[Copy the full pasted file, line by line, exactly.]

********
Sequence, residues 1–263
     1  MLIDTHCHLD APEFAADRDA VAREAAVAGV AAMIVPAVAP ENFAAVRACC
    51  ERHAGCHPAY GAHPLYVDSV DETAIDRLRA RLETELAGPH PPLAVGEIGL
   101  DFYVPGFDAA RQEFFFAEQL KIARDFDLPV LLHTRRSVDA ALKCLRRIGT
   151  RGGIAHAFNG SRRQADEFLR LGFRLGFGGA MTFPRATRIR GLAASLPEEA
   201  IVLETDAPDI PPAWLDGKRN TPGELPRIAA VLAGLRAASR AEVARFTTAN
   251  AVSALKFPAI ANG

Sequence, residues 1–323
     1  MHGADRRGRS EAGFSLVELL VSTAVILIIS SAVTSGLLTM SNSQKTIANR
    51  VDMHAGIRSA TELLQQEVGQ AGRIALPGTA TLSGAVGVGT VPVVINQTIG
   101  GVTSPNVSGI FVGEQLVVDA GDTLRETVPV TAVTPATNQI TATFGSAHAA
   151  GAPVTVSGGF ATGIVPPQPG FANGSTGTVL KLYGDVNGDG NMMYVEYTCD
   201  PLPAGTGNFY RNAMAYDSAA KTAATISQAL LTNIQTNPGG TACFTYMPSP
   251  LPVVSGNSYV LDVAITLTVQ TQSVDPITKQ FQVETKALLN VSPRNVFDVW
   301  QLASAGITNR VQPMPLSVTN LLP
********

Sequence, residues 1–263
     1  MLIDTHCHLD APEFAADRDA VAREAAVAGV AAMIVPAVAP ENFAAVRACC
    51  ERHAGCHPAY GAHPLYVDSV DETAIDRLRA RLETELAGPH PPLAVGEIGL
   101  DFYVPGFDAA RQEFFFAEQL KIARDFDLPV LLHTRRSVDA ALKCLRRIGT
   151  RGGIAHAFNG SRRQADEFLR LGFRLGFGGA MTFPRATRIR GLAASLPEEA
   201  IVLETDAPDI PPAWLDGKRN TPGELPRIAA VLAGLRAASR AEVARFTTAN
   251  AVSALKFPAI ANG

Sequence, residues 1–323
     1  MHGADRRGRS EAGFSLVELL VSTAVILIIS SAVTSGLLTM SNSQKTIANR
    51  VDMHAGIRSA TELLQQEVGQ AGRIALPGTA TLSGAVGVGT VPVVINQTIG
   101  GVTSPNVSGI FVGEQLVVDA GDTLRETVPV TAVTPATNQI TATFGSAHAA
   151  GAPVTVSGGF ATGIVPPQPG FANGSTGTVL KLYGDVNGDG NMMYVEYTCD
   201  PLPAGTGNFY RNAMAYDSAA KTAATISQAL LTNIQTNPGG TACFTYMPSP
   251  LPVVSGNSYV LDVAITLTVQ TQSVDPITKQ FQVETKALLN VSPRNVFDVW
   301  QLASAGITNR VQPMPLSVTN LLP